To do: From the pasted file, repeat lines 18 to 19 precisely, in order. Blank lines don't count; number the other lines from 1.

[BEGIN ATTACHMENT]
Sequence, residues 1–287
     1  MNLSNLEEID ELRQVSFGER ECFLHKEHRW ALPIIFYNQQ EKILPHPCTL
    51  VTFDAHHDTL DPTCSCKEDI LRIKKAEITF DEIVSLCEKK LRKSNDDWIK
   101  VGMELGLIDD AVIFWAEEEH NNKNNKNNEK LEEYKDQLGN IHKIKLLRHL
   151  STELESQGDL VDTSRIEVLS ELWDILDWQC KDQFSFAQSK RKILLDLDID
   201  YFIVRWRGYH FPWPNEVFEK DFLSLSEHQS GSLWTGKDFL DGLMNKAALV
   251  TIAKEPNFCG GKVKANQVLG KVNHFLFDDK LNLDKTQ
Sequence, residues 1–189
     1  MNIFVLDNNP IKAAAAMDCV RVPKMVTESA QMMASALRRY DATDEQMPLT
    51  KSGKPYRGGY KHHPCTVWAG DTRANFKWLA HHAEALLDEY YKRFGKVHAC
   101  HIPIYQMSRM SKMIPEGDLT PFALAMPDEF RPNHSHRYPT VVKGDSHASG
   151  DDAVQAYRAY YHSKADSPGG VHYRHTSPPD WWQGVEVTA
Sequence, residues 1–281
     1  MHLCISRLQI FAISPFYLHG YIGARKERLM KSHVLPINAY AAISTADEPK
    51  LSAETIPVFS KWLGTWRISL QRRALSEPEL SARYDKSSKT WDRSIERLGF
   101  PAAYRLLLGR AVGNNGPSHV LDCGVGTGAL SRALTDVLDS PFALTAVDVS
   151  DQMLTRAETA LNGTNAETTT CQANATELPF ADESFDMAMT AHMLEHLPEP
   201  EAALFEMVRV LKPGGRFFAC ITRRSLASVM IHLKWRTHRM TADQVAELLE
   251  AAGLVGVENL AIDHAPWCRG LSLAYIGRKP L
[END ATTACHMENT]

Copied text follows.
   201  EAALFEMVRV LKPGGRFFAC ITRRSLASVM IHLKWRTHRM TADQVAELLE
   251  AAGLVGVENL AIDHAPWCRG LSLAYIGRKP L